The Legislature has been planning and saving money for rehabilitation and restoration of the Capitol for many years. The Legislature authorized funding for, and approved the scope of, the project in 2014. The Oversight Group has developed a number of cost-management strategies to maintain the budget for the project. 

Planning for the Project

Renovation of a historic structure is complex and requires careful preparation. Planning for this effort has been underway for about 15 years. A number of studies have been completed and the Legislature created a savings account for the project in 2003, saving over $100 million in advance for the project.

Studies of Options

The State of Wyoming has conducted a number of studies over the last several years anticipating this project and the need for additional space to accommodate needs that could not be met in the Capitol. Work included Level I reconnaissance studies and Level II feasibility studies to construct additional buildings as defined in W.S. 9-5-108. Section 9 provides links to a number of the studies. Specific studies are highlighted below.

  • Space studies and needs assessments for the Capitol Complex were conducted in 1999 and 2003.
  • In 2002, a study was prepared that examined the needs of the Capitol condensate and ventilation systems. 
  • In 2004, the Legislature created the Joint Legislative and Executive Task Force on Capitol Facilities to review space requirements and establish maintenance, repair, and restoration priorities for the Capitol.
  • In 2007, the Legislature appropriated funding to conduct studies of space needs in the Capitol.
  • In 2008, a Level I and II feasibility study was conducted for the property directly east of the Capitol, on the site of the former St. Mary’s School.
  • In 2012, a Level I and Level II study was conducted for a new State office building on the Pioneer Avenue property west of the Herschler Building on the site of a former Safeway store.

 Saving Funds for the Project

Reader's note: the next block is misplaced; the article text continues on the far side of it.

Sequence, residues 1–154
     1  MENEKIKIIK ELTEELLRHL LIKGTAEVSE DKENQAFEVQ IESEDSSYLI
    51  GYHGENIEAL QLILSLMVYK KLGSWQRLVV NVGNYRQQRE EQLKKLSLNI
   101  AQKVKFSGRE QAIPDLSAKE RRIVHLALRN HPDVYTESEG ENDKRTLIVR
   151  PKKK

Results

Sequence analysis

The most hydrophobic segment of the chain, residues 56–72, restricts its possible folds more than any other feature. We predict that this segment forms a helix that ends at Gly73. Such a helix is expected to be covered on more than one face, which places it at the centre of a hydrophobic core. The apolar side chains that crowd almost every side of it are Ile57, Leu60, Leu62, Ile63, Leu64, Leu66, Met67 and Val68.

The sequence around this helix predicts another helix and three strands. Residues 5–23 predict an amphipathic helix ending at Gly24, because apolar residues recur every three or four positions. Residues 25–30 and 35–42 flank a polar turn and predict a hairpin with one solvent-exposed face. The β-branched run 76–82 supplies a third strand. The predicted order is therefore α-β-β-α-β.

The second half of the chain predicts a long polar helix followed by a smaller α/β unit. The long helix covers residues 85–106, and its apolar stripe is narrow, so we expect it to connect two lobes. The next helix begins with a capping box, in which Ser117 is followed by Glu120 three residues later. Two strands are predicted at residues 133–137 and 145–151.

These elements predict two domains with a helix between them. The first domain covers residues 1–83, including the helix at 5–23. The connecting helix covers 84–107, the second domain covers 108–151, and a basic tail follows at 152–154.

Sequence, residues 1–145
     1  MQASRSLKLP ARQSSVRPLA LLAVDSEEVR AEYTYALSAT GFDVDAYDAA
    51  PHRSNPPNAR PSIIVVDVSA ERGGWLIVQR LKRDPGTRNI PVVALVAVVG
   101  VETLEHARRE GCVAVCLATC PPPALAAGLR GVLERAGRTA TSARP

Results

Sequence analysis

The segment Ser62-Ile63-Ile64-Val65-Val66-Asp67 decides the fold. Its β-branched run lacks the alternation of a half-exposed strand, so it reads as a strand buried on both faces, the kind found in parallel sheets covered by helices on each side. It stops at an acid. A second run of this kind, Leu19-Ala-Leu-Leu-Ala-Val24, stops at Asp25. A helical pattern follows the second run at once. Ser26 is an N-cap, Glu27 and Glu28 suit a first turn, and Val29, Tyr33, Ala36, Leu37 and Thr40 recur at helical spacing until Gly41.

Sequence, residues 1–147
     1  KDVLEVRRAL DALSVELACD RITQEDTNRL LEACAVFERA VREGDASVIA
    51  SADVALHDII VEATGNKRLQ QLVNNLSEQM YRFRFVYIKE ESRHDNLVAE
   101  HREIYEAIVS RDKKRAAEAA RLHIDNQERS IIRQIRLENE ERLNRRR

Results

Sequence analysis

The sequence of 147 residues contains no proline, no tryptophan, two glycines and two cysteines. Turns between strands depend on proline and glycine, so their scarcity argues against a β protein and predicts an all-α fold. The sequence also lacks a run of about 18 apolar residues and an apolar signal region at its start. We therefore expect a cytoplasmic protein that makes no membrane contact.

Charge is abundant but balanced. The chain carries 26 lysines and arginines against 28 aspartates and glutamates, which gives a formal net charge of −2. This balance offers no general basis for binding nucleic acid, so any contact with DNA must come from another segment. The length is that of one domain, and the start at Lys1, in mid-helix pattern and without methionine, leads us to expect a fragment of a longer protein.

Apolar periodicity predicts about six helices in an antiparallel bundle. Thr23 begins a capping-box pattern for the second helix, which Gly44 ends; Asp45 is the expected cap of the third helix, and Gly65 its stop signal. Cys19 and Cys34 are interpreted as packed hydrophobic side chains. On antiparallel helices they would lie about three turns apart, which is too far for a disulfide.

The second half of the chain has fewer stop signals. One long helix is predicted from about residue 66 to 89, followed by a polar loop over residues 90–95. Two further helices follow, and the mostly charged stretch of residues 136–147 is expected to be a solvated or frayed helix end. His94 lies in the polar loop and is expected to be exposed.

In 2003, the Wyoming Legislature established an account to set aside funding for the project. Sources of funding consist primarily of reversions from other State construction projects and direct appropriations. The account had accumulated over $100 million by the start of the project in 2014. (2003 Wyo. Sess. Laws, Ch. 131, Sec. 332). 

Feasibility Study of the Capitol

  • In 2012, the State Building Commission (SBC) approved Level I and Level II design for the Capitol.  This was the first time that a formal study was conducted of the needs and estimated costs to rehabilitate and restore the Capitol.
  • In 2013, the Legislature created the Joint Legislative and Executive Task Force on Capitol Building Rehabilitation and Restoration to develop recommendations for priorities for the Capitol.
  • At the request of the Task Force, the SBC approved funding in 2013 to include the Herschler Building and connecting tunnel in the Level I and II study to address space needs that could not be met in the Capitol.

Project Authorization and Budget

The Legislature authorized and directed the project to proceed in 2014 through a combination of savings and inter-fund borrowing. (2014 Wyo. Sess. Laws, Ch. 40, Senate Enrolled Act 43, Original Senate File 103) By law, work on the Capitol, Herschler Building, below-grade connector, and central utility plant was authorized to proceed as a single construction project. There is a $299 million budget cap for the project, which includes design fees, administrative overhead, temporary space costs, enabling work, contingency funds, and approximately $219 million in construction.   Read more about the budget.